Appeal from the District Court of the United States for the Western District of Wisconsin; George E. Q. Johnson, Judge.
Before ALSCHULER, EVANS, and PAGE, Circuit Judges.
Whether the bankrupt's transfer of a $4,000 note to appellee was a preference which might be avoided at the instance of the trustee is the only question presented on this appeal. Appellee's insistence that the evidence without certification may not be considered is met by the fact that the findings fully and completely present the question, and reference to the evidence is unnecessary.
The facts taken from the findings may be briefly stated as follows:
Bankrupt had long been an attorney practicing at Viroqua, Wisconsin, and his business was the negotiating of loans, one of which he made in 1923, for a farmer named Sallander. This loan amounted to $3,500 and was secured by a mortgage. The payee was one W. S. Proctor, a brother of the bankrupt. The mortgage was duly recorded. This note and mortgage was sold to appellee who obtained and retained possession of the note and mortgage and a formal assignment of the same. The assignment was not recorded. For several years mortgagor paid the interest to bankrupt who remitted to appellee. In 1928, mortgagor paid the principal and accrued interest to Proctor, from whom he received a satisfaction of the mortgage (signed by Proctor), which he recorded. Bankrupt made no remittance of the principal to appellee. Interest, however, was paid. Appellee later was informed that his note and mortgage had been paid and satisfied and, with counsel, confronted bankrupt and learned the facts respecting payment by the mortgagor and the execution of a satisfaction which had been recorded. Bankrupt, upon being pressed by Sallander, who was in turn crowded by appellee who denied the validity of the Proctor satisfaction, offered to obtain a note from a client (an executrix of a sizeable estate being administered in Vernon County) and to assign the same to appellee, if he would not foreclose his mortgage against Sallander. This offer was accepted, and Proctor subsequently obtained the note for $4,000 from his client and assigned it to appellee. The court found that "there is not sufficient evidence in the record to support plaintiff's contention that the bankrupt Proctor had express authority from Gunerius to collect the principal of the Sallander mortgage."
The Sallander mortgage was paid, November 20, 1928. Bankrupt assigned the $4,000 note, December 18, 1931, at which time he was insolvent. Petition for adjudication in bankruptcy was filed April 16, 1932, and adjudication occurred May 8, 1932. Appellee's agreement to postpone foreclosure of its Sallander mortgage, in consideration of bankrupt's promise to secure and assign a $4,000 note from his client for services rendered, was made in May, 1931.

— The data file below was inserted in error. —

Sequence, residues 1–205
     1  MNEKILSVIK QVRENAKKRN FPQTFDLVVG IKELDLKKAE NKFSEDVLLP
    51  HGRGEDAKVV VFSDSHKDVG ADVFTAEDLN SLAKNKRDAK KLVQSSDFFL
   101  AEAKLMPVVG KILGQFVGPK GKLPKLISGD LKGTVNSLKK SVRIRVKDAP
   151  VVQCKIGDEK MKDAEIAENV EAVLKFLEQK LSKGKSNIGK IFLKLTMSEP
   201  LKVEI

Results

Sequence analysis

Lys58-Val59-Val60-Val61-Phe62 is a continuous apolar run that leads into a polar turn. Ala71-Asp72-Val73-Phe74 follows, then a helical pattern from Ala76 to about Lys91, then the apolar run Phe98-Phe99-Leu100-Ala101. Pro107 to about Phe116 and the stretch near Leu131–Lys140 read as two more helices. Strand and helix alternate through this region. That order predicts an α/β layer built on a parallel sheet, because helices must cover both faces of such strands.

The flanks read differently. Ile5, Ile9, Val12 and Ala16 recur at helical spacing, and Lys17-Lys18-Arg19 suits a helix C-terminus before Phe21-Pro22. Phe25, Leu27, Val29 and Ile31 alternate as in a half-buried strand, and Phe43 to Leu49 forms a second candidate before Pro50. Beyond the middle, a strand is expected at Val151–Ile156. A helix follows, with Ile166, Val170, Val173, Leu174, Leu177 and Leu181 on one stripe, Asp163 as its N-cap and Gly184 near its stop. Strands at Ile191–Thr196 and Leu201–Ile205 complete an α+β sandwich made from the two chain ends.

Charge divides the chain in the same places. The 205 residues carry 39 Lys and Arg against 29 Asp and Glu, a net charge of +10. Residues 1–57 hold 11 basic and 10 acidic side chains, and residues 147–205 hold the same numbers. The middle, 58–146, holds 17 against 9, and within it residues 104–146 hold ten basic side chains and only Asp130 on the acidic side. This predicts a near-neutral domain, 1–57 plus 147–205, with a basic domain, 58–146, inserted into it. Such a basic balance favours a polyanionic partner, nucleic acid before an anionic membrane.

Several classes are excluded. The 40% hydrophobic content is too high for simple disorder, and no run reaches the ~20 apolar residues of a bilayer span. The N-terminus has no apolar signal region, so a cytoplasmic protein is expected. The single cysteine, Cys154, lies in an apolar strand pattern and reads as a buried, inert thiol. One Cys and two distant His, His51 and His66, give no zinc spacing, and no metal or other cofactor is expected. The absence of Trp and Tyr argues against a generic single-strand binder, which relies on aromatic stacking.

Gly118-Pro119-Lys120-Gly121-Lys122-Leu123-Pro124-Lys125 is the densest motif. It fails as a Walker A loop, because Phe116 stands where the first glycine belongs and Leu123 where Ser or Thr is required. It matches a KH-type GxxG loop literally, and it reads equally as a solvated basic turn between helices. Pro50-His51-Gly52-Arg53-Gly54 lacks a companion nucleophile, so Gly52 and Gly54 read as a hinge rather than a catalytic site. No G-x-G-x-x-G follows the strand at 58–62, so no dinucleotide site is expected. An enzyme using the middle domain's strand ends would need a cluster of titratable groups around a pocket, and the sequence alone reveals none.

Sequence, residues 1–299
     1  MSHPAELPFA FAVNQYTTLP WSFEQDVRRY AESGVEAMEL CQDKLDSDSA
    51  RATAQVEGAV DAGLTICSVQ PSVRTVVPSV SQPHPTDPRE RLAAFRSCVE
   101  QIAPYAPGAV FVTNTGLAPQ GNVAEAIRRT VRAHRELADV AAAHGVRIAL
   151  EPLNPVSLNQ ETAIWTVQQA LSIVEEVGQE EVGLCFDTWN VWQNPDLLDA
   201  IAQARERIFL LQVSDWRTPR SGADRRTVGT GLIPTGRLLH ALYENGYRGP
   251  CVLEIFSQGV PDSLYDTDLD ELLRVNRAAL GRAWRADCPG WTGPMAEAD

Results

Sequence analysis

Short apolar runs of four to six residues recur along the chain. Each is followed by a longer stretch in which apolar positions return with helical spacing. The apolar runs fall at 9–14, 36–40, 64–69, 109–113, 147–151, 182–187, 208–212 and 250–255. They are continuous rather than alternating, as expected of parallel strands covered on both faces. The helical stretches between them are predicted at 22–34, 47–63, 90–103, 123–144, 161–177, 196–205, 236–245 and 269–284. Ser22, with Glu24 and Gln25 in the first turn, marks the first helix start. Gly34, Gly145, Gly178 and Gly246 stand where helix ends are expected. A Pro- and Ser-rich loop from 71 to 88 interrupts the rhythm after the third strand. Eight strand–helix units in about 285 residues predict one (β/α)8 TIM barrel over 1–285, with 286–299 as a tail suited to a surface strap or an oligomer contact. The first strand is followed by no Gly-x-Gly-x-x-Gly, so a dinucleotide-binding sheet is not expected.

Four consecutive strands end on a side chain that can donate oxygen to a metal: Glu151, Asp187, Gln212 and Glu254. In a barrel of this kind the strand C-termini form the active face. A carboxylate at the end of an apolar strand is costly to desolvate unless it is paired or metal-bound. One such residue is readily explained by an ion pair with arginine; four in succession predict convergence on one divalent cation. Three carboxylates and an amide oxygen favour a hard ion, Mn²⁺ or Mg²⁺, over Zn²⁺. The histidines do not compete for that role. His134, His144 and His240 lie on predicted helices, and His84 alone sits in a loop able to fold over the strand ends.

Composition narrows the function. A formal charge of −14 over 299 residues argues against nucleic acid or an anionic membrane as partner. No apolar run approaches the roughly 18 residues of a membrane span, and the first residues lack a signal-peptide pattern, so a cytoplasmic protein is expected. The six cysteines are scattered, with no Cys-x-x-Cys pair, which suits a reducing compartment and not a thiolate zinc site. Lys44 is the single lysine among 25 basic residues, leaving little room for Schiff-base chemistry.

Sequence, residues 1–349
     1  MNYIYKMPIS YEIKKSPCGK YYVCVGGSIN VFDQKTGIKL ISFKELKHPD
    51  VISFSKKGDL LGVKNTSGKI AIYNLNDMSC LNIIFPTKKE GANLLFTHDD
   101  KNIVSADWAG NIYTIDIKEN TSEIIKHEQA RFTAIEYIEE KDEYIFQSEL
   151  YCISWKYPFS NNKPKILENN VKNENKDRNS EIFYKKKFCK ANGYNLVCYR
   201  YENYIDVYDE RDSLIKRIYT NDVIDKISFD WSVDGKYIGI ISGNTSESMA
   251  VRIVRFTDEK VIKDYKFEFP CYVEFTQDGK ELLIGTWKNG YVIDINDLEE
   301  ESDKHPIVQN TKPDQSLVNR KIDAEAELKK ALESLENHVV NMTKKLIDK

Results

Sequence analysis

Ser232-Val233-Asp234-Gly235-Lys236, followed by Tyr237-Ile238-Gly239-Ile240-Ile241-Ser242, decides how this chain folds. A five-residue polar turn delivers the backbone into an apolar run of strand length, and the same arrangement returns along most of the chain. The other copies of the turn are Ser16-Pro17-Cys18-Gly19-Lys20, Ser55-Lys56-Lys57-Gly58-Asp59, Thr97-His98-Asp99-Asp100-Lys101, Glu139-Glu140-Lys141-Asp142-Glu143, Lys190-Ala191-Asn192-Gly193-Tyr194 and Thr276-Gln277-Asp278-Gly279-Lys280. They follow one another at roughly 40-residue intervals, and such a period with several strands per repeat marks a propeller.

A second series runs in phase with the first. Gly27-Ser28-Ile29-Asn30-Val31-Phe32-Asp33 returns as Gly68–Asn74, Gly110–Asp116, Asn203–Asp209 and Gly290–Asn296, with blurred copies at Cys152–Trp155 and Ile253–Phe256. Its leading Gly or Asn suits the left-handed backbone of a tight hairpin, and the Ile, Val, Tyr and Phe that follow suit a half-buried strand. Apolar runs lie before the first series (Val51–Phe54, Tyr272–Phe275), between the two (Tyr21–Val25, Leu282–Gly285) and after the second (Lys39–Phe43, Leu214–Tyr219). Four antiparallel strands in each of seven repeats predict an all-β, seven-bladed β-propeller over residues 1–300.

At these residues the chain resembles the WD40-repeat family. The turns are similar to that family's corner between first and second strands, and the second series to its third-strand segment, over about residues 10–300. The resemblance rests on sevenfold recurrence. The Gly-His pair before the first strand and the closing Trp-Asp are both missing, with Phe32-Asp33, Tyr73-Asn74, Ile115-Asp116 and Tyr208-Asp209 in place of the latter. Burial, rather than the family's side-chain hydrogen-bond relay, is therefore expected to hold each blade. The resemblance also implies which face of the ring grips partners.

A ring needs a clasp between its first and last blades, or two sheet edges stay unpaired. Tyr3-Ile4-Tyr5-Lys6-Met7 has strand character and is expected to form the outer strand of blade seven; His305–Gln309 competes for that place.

Upon these facts the assignment of the note to appellee was not a preference.
Doubtless, it would have been a preference had the negotiations and the resulting agreement prior to the assignment not occurred. The District Court's conclusion that "Sallander had an equitable assignment of the indebtedness from the Webb estate to the bankrupt which went from him to defendant Gunerius to satisfy the mortgage debt," if sound, is fatal to appellant's contention. And we are of the opinion that the conclusion is sound.
An equitable lien may be established by verbal agreement. Jackman v. Newbold (C.C.A.) 28 F.2d 107, 62 A.L.R. 729; Crosby v. Packer (C.C.A.) 22 F.2d 611.
An equitable lien given more than four months before bankruptcy is enforcible. Voltz v. Treadway (C.C.A.) 59 F.2d 643.
True, the evidence must be sufficiently clear and persuasive to establish the existence of the equitable lien. But once the fact is established to the satisfaction of the court (and that obligation was met in the instant case as evidenced by the findings and conclusions of Judge Johnson), the court is confronted by a question of the effect of such equitable lien -- a purely legal question.
In reaching this conclusion we have not overlooked the rule of law announced in many decisions [illustrated in Fischer v. L.N.B. & T. Co. (C.C.A.) 61 F.2d 757] to the effect that an assignment of future compensation of a public official is void. However, our attention has not been called to any case, and our own investigation has not produced one, that holds that an attorney in private practice falls within the class of public officials who may not assign their fees or compensation to secure a creditor.
And this, we think, is true, even though the services rendered be for an executrix who is administering an estate in the probate court. Moreover, it is at least inferable from the findings that the $4,000 note represented compensation for services that had been rendered when the agreement with appellee was ...